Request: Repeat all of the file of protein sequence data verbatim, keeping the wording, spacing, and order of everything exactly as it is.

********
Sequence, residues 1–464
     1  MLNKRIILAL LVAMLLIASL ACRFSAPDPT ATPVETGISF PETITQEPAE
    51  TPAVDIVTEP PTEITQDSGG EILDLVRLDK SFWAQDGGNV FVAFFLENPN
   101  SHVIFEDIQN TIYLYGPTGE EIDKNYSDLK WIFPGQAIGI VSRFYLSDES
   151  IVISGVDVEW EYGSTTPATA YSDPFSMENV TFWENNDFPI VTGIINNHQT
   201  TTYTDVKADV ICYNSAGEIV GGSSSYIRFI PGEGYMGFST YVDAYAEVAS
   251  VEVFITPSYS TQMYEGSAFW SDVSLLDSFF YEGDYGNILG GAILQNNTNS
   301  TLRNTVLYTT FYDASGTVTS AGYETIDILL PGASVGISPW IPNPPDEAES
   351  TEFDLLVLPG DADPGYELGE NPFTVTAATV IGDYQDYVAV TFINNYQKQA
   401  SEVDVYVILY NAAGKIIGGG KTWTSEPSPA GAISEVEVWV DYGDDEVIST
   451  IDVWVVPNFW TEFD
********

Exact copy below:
Sequence, residues 1–464
     1  MLNKRIILAL LVAMLLIASL ACRFSAPDPT ATPVETGISF PETITQEPAE
    51  TPAVDIVTEP PTEITQDSGG EILDLVRLDK SFWAQDGGNV FVAFFLENPN
   101  SHVIFEDIQN TIYLYGPTGE EIDKNYSDLK WIFPGQAIGI VSRFYLSDES
   151  IVISGVDVEW EYGSTTPATA YSDPFSMENV TFWENNDFPI VTGIINNHQT
   201  TTYTDVKADV ICYNSAGEIV GGSSSYIRFI PGEGYMGFST YVDAYAEVAS
   251  VEVFITPSYS TQMYEGSAFW SDVSLLDSFF YEGDYGNILG GAILQNNTNS
   301  TLRNTVLYTT FYDASGTVTS AGYETIDILL PGASVGISPW IPNPPDEAES
   351  TEFDLLVLPG DADPGYELGE NPFTVTAATV IGDYQDYVAV TFINNYQKQA
   401  SEVDVYVILY NAAGKIIGGG KTWTSEPSPA GAISEVEVWV DYGDDEVIST
   451  IDVWVVPNFW TEFD